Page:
Grace and peace to you from Our Lord and Savior, Jesus Christ.

Once in a small town church on a Sunday morning as the worshippers were gathering almost ready to begin there was a huge roar out side the church. It was the deafening and unmistakable sound of machinery, motorcycles. The windows of the church rattled as the engines roared, and then there was silence. The congregation all looked at the pastor who was standing in front ready to begin. The silence was very loud. It seemed to last for a lifetime. The doors of the church opened and in walked two bikers. They were dressed in leather, unshaven, dark bandanas on their heads. The usher froze. He didn’t know what to do. One of the men grinned at him and took two worship folders. Still in shock the usher moved aside and the pair found a seat near the back of the church. For everyone the service felt odd. They did everything just as they had always done, and yet, it seemed different. When everything was finished, the bikers left greeting the pastor on the way out the door. “Thanks,” was their only comment. The others waiting to greet the pastor stood still until the sound of engines roared again and began to fade in the distance.

“Well, what do you think of that?” said one of the faithful, lifelong members. She was an elderly woman. “Pastor,” she said, “why do we let people like that into the church?”

“Well,” came the answer, “we let you in didn’t we?”

“Peter, why do we let folks like that into the church? Those are gentiles! They are unclean. They do things that we don’t understand. They don’t bathe like we do. They ride scruffy donkeys. They wear weird cloths.” The problems of the circumcision party we can readily understand. Their sins are our sins. How would we feel if a bunch of bikers walked in the door and took our pews? Oh, and it’s easy to say we’d be happy to have them. But you and I both know, there have been from time to time, complaints about folks who are members of our congregation, those wishing that so-and-so would just go somewhere else. We say the good news of Jesus is for everyone, until we have to sit next to someone who doesn’t look like we do. Or someone who did something to my family member…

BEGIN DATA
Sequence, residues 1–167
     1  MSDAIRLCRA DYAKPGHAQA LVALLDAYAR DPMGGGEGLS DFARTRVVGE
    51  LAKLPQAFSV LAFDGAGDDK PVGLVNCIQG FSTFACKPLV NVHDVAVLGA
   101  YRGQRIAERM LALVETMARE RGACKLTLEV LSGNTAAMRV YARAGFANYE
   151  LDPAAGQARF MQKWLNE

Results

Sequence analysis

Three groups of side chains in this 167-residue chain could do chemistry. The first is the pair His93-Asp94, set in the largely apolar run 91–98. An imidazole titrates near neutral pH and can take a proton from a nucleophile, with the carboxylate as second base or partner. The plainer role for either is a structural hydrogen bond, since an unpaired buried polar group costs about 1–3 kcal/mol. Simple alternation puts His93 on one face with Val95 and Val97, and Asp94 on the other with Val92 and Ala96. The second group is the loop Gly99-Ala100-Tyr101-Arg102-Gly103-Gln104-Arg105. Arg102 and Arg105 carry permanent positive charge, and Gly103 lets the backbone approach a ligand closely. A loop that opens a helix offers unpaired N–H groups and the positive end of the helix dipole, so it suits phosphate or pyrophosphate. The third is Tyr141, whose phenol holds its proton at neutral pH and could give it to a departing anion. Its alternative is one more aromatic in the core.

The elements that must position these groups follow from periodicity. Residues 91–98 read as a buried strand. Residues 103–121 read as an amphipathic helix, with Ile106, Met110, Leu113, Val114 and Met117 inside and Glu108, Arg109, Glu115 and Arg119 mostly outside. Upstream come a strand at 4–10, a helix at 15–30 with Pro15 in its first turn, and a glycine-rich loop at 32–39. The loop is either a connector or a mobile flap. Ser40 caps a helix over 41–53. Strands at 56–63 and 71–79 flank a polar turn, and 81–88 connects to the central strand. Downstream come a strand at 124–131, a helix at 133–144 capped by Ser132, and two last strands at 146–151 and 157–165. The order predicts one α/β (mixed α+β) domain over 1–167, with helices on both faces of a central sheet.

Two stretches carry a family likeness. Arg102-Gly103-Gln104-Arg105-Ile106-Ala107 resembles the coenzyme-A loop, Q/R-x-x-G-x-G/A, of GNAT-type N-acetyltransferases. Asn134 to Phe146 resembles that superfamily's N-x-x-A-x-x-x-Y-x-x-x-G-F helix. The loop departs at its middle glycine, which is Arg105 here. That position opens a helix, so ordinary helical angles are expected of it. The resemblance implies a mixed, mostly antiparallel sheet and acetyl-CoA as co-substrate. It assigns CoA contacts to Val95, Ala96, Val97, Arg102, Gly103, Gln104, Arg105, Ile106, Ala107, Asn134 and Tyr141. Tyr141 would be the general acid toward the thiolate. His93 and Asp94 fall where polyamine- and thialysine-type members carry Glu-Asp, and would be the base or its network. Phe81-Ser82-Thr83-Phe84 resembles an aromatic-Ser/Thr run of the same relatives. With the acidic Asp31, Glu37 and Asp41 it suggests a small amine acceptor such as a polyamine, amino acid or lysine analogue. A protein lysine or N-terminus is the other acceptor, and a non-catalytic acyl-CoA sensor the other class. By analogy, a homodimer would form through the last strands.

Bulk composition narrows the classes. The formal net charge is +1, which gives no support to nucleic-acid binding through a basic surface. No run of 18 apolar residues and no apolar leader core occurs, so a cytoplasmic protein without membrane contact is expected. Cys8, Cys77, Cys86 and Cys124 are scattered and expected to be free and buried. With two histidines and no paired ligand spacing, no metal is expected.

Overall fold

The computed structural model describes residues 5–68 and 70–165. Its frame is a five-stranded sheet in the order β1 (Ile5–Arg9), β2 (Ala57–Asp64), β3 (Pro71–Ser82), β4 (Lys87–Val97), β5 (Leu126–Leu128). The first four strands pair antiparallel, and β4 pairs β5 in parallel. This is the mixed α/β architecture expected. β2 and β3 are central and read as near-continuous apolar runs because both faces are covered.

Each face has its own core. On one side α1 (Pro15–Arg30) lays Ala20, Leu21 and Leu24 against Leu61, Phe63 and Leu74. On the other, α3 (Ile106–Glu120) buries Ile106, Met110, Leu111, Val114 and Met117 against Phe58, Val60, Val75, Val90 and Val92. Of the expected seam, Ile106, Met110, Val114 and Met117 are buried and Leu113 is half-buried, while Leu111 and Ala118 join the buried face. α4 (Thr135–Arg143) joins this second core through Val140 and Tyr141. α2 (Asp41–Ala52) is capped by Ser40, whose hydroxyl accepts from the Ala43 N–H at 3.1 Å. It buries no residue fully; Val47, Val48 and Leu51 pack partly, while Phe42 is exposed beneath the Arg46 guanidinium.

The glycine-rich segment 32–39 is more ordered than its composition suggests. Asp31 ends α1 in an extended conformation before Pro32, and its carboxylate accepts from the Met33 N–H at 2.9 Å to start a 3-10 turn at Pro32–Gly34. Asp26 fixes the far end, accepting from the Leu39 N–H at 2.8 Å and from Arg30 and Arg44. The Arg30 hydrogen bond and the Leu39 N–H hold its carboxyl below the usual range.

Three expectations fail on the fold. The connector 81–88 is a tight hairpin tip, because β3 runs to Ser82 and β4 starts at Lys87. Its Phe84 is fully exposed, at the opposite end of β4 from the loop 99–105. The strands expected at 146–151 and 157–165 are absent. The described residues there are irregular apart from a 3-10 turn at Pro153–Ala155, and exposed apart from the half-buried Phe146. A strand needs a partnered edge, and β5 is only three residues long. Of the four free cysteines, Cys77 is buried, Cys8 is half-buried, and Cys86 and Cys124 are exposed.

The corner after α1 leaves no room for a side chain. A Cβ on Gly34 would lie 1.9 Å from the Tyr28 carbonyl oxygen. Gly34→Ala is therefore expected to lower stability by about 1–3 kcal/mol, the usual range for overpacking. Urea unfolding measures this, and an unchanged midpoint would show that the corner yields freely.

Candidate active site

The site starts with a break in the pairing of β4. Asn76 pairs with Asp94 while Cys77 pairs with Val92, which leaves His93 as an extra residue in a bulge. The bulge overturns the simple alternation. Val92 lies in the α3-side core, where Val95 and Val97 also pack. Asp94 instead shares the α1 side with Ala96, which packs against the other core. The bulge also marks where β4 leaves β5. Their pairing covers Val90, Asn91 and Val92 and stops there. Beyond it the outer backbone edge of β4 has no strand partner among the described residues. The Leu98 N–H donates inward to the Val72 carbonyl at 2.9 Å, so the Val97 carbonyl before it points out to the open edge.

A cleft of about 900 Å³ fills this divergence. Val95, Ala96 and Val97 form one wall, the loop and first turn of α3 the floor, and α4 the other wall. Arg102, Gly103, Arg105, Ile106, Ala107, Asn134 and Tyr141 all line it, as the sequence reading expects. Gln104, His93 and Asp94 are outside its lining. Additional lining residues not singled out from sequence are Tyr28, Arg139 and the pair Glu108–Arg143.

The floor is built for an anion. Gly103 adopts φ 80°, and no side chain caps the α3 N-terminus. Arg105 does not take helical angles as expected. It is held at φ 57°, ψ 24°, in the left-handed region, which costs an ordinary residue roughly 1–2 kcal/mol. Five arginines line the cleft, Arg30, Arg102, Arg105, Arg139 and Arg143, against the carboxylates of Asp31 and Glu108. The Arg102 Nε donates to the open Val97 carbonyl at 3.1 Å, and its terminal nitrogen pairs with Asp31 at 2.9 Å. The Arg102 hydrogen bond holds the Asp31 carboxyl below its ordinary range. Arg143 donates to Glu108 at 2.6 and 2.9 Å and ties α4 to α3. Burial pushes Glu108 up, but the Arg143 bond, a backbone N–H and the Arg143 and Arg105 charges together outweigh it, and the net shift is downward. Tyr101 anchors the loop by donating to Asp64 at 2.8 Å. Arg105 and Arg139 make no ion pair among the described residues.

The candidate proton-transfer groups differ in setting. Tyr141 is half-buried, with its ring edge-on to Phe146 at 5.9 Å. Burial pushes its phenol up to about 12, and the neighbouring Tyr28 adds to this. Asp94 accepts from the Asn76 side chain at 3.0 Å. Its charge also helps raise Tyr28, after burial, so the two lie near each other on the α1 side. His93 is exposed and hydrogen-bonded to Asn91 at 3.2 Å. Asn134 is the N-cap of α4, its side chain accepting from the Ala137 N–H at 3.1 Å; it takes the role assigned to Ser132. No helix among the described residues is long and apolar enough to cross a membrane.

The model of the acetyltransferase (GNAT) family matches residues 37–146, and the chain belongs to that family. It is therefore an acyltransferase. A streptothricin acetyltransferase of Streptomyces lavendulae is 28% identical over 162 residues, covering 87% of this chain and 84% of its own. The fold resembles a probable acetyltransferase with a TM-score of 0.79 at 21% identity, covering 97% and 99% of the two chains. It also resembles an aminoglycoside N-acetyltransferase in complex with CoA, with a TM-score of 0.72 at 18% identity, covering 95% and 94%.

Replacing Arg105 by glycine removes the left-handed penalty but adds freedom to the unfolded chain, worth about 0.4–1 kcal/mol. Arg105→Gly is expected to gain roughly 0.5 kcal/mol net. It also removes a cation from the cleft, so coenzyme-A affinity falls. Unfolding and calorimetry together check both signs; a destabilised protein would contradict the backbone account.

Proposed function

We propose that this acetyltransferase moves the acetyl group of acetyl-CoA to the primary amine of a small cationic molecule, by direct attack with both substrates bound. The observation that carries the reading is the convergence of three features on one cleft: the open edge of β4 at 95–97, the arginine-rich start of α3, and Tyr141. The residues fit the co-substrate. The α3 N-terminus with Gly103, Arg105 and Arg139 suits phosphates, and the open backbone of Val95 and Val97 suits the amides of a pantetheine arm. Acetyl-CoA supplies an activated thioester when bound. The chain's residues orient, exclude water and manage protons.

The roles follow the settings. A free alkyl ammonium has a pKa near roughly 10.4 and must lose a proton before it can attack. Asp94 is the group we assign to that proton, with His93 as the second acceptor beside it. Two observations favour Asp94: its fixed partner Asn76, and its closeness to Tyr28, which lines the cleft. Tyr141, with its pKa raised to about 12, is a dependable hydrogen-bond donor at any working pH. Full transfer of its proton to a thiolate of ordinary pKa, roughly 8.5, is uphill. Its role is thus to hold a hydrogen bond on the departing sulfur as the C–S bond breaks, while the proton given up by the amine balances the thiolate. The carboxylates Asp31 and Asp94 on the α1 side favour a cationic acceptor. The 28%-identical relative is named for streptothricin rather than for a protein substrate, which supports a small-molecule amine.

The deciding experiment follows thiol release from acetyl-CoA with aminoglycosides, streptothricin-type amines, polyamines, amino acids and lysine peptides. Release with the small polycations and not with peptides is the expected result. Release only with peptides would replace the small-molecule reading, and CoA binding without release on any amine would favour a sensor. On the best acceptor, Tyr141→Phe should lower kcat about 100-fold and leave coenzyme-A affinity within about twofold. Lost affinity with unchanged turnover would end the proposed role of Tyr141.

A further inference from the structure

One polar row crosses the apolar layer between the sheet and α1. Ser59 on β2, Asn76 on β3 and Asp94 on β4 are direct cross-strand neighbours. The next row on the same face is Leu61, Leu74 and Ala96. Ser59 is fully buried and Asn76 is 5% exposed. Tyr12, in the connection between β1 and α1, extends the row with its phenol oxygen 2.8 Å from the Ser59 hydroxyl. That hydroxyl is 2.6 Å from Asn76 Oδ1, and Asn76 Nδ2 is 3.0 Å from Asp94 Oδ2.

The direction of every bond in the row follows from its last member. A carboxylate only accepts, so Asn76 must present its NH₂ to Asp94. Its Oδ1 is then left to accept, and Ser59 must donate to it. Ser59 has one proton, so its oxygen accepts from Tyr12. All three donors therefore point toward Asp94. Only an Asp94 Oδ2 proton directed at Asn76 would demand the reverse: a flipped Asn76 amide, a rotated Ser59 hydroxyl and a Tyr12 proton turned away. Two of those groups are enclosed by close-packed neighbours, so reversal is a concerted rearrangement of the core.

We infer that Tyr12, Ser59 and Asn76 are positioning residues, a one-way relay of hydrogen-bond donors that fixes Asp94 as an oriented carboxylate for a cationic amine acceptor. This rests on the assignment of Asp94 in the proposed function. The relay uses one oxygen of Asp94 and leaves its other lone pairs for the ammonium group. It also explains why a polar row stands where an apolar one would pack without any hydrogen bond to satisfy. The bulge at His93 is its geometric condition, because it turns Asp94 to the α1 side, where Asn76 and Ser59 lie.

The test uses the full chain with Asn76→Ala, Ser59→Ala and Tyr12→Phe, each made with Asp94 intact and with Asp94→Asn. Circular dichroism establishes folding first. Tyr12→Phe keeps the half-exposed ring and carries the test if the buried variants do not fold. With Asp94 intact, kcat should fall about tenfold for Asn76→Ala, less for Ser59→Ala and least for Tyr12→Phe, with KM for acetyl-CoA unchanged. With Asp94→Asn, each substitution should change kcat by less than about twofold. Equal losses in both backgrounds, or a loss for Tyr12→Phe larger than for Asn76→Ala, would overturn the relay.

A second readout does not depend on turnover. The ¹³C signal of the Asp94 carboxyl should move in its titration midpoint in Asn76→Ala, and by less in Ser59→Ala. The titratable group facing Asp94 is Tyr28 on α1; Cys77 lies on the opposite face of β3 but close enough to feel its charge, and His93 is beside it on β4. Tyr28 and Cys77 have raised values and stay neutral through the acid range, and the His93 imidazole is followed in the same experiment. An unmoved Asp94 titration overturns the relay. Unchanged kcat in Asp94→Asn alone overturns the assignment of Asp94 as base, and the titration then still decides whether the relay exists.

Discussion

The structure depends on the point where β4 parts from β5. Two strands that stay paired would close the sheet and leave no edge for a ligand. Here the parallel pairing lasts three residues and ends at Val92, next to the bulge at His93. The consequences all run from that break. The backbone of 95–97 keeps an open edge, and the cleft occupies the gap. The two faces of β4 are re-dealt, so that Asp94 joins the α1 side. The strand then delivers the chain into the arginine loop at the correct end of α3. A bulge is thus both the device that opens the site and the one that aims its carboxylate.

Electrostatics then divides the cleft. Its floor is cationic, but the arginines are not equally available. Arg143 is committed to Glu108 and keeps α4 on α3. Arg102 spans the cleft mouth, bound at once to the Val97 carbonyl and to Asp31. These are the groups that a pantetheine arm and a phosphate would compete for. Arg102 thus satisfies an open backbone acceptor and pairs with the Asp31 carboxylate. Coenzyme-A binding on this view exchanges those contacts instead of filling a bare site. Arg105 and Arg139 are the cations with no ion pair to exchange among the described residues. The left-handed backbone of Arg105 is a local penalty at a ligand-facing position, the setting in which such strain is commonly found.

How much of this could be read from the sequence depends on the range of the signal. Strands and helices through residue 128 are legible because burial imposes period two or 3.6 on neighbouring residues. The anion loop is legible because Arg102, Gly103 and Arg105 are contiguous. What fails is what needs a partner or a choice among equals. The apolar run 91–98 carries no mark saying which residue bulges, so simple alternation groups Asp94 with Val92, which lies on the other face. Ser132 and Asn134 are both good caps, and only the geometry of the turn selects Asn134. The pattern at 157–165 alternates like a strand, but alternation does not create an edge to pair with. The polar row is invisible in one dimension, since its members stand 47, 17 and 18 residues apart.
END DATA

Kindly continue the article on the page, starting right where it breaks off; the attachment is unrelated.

Apparently, Peter was just as thick as we are. God had to show him a vision, a PowerPoint presentation in his brain. Until then, it seems, he wasn’t too keen on gentile Christians. Well, after all they were Gentiles! They weren’t allowed in the temple. They ate whatever they wanted to eat, totally disregarding the distinctions between what was clean and unclean. So God intervened. Peter was shown a sheet full of animals that he wasn’t supposed to eat.

“Kill and eat!” was God’s command.

“But God, those are unclean animals and you know that I would never eat unclean animals.”

“Peter, You do not understand. ‘What God has made clean, do not call common.

God repeated the presentation three times, just to make sure that the message penetrated Peter’s stony skull. When the vision was over gentiles appeared at the door. Peter went with them.

“When I preached the Word of God to them and told them of Jesus’ life, death and resurrection, they received the Holy Spirit. They believed it. They trusted in Jesus for their forgiveness. They have faith. I had to baptize them.” He sounds as surprised as we would be about bikers in the back of church. But Jesus is clear. He has made them clean, that is forgiven, through faith in his sacrifice on the cross. We cannot set additional requirements on God’s gift of salvation. What God has made clean, through Jesus blood, we dare not call unclean.

Well, I guess we are really a bit off the hook here anyway. After all, when was the last time that a real visitor darkened our narthex door? Most of our visitors are family, after all. I’m not sure if that’s because we’ve mistreated people in the past, or if it’s just a new cultural thing NOT to visit churches. Here in our little Sumner street hideaway we don’t get much chance to talk to our brand of gentiles. But I wonder if we would really want them here anyway. You know the truth is we have contact to folks outside of these doors that we don’t even try to bring in here. We avoid talking about our church, partly because we think folks won’t understand what goes on here anyway, and partly because if there’s communion we don’t want to tell them they can’t come. Yes, we do have our gentiles, too. Just go a few blocks east. How many of you would volunteer to knock on doors in that neighborhood. Maybe God has to give us a PowerPoint presentation to the brain. We are guilty like Peter. Actually, we are sinners like Peter. What God has made clean we have chosen to ignore.